Friday, November 30, 2007

Reality?!

The Bag Lady was outraged the other day to see an article on the news about a 14-year old girl who hung a whippin’ on another girl while someone stood around and video-taped it! Not only did the person who taped it do nothing to help the girl who was being beaten, they then set it to music and posted it on U-Tube!! The Bag Lady saw portions of the video-tape, and simply cannot believe that the spectators would not put a stop to such a vicious attack.
Apparently, when the attack became public, the video was removed from U-Tube, and the attacker was apprehended and charged. Fat lot of good that did the girl who was attacked. She is now living with relatives else-where, attempting to put the episode behind her.
The Bag Lady is appalled not only by the violence that was apparent in the video, but also by the fact that it occurred in a small Canadian city, in an apparently middle-class atmosphere, and that the fight was over a boy! Sheesh, there’s plenty of them around, and not one of them is worth beating someone else up over.
Seriously, though, the fact that the beating occurred was bad enough, but setting it to music and posting it on the Internet? WTF is all that about? Have society’s values slipped so low that a 14-year old girl beating the tar out of another girl is considered entertainment? Having never been a fan of either boxing or wrestling, the Bag Lady fails to see how this can be the least bit interesting to watch.
The Bag Lady is perhaps a little old-fashioned, and in truth, doesn’t watch any of the so-called ‘Reality” television, so that may have something to do with her attitude about this attack. She supposes that the ‘Reality’ craze that has swept the nation may have a great deal to do with why so few of the younger generation saw anything at all wrong with video-taping a vicious beating, setting it to music, and posting it on the web. After all, that’s what has been happening on network television! She thinks perhaps younger people fail to understand that most of what the networks pass off as ‘Reality’ is in actuality, scripted, at least to a certain degree.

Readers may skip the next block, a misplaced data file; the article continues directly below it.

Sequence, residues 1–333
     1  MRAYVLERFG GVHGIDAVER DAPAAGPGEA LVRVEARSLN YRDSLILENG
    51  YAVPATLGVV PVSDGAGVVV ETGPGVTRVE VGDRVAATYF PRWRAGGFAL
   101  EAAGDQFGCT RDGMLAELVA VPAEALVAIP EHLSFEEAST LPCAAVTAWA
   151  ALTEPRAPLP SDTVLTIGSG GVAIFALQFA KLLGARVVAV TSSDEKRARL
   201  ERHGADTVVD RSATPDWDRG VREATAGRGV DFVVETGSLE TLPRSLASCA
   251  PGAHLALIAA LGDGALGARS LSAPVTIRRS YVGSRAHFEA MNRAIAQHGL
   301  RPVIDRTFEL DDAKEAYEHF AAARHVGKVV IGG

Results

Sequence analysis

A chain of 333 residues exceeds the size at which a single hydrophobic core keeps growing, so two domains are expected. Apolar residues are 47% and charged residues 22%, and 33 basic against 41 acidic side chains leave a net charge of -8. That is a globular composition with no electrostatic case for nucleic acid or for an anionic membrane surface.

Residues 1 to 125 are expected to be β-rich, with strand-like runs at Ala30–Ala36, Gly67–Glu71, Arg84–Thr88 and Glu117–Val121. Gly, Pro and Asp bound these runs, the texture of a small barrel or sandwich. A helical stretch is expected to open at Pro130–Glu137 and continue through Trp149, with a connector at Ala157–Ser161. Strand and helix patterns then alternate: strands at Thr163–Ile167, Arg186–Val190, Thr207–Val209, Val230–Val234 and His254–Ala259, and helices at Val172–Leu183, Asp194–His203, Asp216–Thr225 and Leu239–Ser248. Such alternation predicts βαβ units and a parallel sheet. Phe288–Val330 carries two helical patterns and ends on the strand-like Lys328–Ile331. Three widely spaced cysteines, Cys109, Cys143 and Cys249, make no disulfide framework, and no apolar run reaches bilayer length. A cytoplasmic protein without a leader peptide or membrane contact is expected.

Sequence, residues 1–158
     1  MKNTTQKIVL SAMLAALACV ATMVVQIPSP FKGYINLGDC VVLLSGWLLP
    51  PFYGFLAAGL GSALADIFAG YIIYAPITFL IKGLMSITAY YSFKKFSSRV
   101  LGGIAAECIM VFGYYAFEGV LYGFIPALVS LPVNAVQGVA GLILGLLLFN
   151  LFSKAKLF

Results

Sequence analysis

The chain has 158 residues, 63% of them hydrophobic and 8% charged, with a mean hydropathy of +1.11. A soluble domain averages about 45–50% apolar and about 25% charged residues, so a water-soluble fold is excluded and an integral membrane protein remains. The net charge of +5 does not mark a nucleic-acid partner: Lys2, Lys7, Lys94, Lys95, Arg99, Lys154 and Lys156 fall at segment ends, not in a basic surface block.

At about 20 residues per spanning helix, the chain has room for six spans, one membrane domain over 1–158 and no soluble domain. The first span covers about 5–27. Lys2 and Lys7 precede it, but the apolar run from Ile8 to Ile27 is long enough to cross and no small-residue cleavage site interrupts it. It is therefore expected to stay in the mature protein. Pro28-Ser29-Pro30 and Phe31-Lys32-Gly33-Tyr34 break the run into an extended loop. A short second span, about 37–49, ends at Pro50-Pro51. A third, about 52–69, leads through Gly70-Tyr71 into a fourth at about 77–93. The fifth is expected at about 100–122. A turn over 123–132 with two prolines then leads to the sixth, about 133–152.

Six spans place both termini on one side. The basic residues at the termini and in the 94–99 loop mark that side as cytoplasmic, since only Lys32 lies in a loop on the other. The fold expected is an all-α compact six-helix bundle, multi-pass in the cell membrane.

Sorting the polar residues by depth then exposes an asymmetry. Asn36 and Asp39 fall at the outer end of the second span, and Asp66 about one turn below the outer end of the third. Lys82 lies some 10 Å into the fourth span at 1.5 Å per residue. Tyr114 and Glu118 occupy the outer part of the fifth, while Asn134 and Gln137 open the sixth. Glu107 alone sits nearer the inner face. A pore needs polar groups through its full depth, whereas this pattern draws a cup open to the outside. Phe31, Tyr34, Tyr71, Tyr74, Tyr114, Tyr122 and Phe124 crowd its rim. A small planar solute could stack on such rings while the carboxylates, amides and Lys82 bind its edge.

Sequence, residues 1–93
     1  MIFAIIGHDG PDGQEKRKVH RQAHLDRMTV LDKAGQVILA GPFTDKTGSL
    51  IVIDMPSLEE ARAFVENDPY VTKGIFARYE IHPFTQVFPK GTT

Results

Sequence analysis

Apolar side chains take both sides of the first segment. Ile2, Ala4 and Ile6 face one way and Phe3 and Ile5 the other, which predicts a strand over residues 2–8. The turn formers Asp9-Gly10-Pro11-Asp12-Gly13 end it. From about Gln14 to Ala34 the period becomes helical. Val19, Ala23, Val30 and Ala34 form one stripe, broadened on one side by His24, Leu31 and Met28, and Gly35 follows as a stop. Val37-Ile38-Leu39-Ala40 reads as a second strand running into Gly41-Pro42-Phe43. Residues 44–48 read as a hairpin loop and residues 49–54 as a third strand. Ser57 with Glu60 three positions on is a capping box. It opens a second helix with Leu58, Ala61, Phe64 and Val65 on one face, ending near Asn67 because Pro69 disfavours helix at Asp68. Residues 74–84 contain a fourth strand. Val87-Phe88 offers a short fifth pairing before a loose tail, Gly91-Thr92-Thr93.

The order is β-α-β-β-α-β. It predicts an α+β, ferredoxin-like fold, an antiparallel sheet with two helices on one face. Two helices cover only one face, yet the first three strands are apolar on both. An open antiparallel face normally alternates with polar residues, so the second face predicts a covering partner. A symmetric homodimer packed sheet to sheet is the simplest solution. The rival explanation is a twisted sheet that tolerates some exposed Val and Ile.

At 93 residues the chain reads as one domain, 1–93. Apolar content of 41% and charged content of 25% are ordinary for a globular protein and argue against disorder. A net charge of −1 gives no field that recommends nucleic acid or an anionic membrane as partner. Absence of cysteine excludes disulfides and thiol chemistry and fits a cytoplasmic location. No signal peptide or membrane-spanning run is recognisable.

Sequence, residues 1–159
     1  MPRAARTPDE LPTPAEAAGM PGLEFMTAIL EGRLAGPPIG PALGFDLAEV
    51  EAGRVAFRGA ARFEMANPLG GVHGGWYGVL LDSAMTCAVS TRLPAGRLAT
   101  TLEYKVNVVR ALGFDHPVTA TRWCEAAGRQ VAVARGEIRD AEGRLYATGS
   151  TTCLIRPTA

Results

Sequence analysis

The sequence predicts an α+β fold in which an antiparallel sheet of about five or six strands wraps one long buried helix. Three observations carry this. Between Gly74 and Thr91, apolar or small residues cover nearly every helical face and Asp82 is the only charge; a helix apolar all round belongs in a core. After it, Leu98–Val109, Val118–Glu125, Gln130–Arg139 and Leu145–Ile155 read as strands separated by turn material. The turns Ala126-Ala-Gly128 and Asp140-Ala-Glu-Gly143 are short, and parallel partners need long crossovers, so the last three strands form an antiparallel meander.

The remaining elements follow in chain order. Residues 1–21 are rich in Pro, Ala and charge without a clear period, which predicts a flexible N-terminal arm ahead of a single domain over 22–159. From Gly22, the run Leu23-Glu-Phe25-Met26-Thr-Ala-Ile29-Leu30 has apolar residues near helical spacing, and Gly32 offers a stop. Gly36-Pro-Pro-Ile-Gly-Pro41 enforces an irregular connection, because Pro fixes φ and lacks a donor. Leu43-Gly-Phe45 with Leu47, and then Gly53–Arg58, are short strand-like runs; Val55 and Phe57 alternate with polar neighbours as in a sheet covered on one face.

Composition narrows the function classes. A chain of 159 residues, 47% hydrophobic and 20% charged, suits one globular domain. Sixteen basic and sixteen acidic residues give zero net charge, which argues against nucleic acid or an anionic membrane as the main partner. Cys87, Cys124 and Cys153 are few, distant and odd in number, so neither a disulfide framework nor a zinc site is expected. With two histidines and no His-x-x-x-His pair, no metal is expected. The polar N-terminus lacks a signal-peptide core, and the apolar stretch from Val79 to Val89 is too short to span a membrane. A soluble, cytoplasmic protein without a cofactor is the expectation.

What do the rest of you think? Is the Bag Lady hopelessly old-fashioned? Has her life of isolation on the ranch taken her out of touch with ‘Reality’?

12 comments:

Leah J.Utas said...

I think it's symptomatic of our disconnection with one another. The beating didn't touch anyone emotionally and therefore was a bit of unreality rather than reality.
And thanks to TV, reality has no meaning whatsoever anymore.
Excellent post, Bag Lady.

Missicat said...

No, it's not just you...I live within spitting distance of D.C. and feel the same way. I have the old lady "head shake and tongue cluck" combo down to a science these days, especially after reading that story....

the Bag Lady said...

So what can we do about it? Is the violence becoming more prevalent, or is it just because we are hearing more about it?

Missicat said...

Good questions - I do believe violence has always existed, but it seems to be more random with no reason (if that makes sense) these days. I think some have become desensitized to an extent. What to do? How do we make these teens see that what they do does matter and does affect others? If only I could answer that.

Crabby McSlacker said...

For some reason, this doesn't shock me--there have always been violent and cruel people, and a sadistic streak in a lot of folks that makes them enjoy watching other people suffer. I hope they're still in the minority--I don't know if it's getting worse or not. I just think that now, with new technology, we're hearing about more of it.